Chaos ensues. The girls act creepy. Victor and Katherine’s parents seek an exorcism. The church denies them. Yadda yadda, they must take matters into their own hands.

To be fair, this rather short film (under two hours) goes by quickly and is fitfully entertaining in that “let’s see what this director does with the genre” way. The acting is pretty good, and Green tones down his style to something akin to his debut film, All the Real Girls. But it’s the story that is a bit of a slog.

There’s just nothing here we haven’t seen in a hundred other possession films. And because this has been done so many times before, we’re just waiting for the characters to catch up. Green offers nothing new except how the exorcism is played out, which is a bit expected.

What was effective in the original film was how shocking it was to audiences of the day. Regan’s torment by the demon was horrifying, especially when her actions were jaw-droppingly vulgar. We all remember her head spinning around, her “wtf” actions with a crucifix, her green puke, her potty mouth, and her levitation.

Here, there’s nothing even close to that. Sure, one of the girls spits up some black bile (seen it), there’s a moment with a neck that calls back to the original, and there’s a levitation. But nothing is shocking or fresh about what happens with the girls. Despite the R rating, it all feels a bit PG-13.

As entertained as I mostly was, questions kept popping up like, why were the girls possessed in the first place? What did the demon want? Which demon was it? And why bring Chris MacNeil back and not do much with her?

More importantly, the original film had a theme about losing faith and asked questions about that faith. The exorcism and Regan’s possession was the catalyst for Father Karras to find his faith again. The Exorcist: Believer has no larger themes or questions. There’s a bit about grief and guilt, but look at all the horror films in the past year, and you’ll find them all revolving around grief. In essence, the writers could have tried harder here to give us something a bit more profound. We need it because if we’re going to watch yet another possession film that mirrors every other possession film of the last 50 years, we need something more to grab onto.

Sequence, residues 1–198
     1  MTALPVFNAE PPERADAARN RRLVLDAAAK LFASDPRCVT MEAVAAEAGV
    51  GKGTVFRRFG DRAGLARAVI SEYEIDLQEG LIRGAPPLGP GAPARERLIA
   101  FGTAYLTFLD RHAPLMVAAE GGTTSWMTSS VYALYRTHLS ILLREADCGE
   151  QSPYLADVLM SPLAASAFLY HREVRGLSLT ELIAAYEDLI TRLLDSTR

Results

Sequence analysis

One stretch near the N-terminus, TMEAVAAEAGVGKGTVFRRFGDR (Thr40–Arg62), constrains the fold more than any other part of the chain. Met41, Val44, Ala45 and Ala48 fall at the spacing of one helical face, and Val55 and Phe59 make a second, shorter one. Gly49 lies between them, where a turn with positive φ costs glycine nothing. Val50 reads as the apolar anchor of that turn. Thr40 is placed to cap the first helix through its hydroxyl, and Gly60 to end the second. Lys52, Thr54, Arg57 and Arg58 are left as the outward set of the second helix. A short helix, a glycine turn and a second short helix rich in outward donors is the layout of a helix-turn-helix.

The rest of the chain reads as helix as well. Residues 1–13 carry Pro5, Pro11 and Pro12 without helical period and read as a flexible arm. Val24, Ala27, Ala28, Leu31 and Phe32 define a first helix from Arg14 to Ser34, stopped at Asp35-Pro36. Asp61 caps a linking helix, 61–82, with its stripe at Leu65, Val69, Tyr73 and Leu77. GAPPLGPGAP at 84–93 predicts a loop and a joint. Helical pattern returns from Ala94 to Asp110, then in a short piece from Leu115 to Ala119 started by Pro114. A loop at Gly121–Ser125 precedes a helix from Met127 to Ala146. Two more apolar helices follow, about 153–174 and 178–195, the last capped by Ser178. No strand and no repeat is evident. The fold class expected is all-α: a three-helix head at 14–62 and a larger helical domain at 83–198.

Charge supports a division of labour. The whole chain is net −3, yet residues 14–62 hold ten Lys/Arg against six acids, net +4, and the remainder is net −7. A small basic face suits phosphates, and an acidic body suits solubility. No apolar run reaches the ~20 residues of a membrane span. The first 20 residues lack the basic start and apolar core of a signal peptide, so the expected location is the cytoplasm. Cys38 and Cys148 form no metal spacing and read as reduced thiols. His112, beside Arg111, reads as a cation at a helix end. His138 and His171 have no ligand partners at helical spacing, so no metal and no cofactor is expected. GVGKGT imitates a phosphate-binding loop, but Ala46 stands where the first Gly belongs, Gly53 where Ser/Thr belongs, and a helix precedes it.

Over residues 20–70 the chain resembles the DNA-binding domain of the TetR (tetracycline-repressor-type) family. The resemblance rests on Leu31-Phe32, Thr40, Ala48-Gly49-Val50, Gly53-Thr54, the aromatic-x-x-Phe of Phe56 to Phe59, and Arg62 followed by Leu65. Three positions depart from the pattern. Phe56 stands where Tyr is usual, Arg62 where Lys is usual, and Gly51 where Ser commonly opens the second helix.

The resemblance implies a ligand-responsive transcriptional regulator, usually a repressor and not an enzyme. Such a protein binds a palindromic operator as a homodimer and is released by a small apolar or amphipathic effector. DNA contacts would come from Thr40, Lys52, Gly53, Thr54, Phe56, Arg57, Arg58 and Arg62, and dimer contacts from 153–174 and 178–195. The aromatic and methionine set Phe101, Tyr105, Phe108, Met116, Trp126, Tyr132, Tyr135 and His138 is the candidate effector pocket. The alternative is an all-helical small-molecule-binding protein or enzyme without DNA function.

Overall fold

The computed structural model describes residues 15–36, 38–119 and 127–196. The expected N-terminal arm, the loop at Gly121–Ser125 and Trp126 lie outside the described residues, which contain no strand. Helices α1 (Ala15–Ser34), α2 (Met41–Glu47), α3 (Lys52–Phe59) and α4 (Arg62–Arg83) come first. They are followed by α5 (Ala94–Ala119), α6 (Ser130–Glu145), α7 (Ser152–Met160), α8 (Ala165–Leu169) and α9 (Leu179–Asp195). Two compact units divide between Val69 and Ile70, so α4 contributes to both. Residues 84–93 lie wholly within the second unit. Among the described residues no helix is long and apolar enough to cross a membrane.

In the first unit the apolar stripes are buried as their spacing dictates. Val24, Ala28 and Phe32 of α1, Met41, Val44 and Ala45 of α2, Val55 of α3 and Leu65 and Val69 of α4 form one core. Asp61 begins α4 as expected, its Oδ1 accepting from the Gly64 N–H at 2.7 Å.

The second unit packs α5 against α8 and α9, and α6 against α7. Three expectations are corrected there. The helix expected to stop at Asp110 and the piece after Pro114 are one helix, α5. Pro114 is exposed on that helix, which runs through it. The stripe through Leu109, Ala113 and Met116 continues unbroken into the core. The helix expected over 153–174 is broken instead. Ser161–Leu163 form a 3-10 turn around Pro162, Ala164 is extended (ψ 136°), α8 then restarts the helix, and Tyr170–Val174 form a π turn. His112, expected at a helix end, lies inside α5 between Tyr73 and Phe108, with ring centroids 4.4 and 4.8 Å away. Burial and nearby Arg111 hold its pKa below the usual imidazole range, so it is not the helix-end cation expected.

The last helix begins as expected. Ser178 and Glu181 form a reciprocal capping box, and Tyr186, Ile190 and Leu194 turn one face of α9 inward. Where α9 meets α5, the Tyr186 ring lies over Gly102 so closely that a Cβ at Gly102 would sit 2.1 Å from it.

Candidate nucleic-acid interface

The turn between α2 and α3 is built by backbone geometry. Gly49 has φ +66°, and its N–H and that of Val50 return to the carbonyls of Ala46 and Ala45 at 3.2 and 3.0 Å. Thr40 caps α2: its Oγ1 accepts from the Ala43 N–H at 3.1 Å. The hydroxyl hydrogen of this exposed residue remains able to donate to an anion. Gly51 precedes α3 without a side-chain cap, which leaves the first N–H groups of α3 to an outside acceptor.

As for Green, despite a strong dramatic start to his career, he has made a name for himself with stoner comedies, but he still doesn’t grasp how to create suspense. The film’s first half is edited poorly, cutting off potentially creepy moments to move on to the next scene. Even the marketing for the film just threw everything at us without crafting any curiosity or wonder. The first poster shows the possessed girls right away. The trailer shows everything we’ll see, so there are no surprises. This is how Green directs. Sure, he pulls back a bit at first, but this is a film that needed to not only breathe but let us catch our breath. It also needed originality.

The pluses here are, oddly, Jennifer Nettles as Katherine’s mother. Mostly because she is a country singer and I’ve never seen her act before. She was effective. The girls are also very good at portraying not only the sweet, innocent girls they are but also the disturbing, possessed creatures they become.

The original was a masterpiece and has become a classic. The short-lived TV series that aired on FOX actually did a more interesting sequel in its first season than this official legacy sequel does here.

The Exorcist: Believer feels like a well-produced money grab that will satiate horror fans’ need for some spooky stuff but won’t stay with them once the lights come back on. With two more potentially in the pipeline, I’m still not a believer.


Written by
Kevin is a long-time movie buff with a wide variety of tastes and fixations in the film world. He cried the moment Benji appeared onscreen in “Benji,” and it took him about four times to finally watch “The Exorcist” (at age 24) without passing out. “Star Wars: A New Hope” was the movie that changed everything and when his obsession with films and filmmaking began. A screenwriter himself (one long-ago horror script sale to New Line remains on a shelf), his first film "Two Tickets to Paradise" that he co-wrote premiered in June 2022 on Hallmark. He is currently working on another for the iconic brand.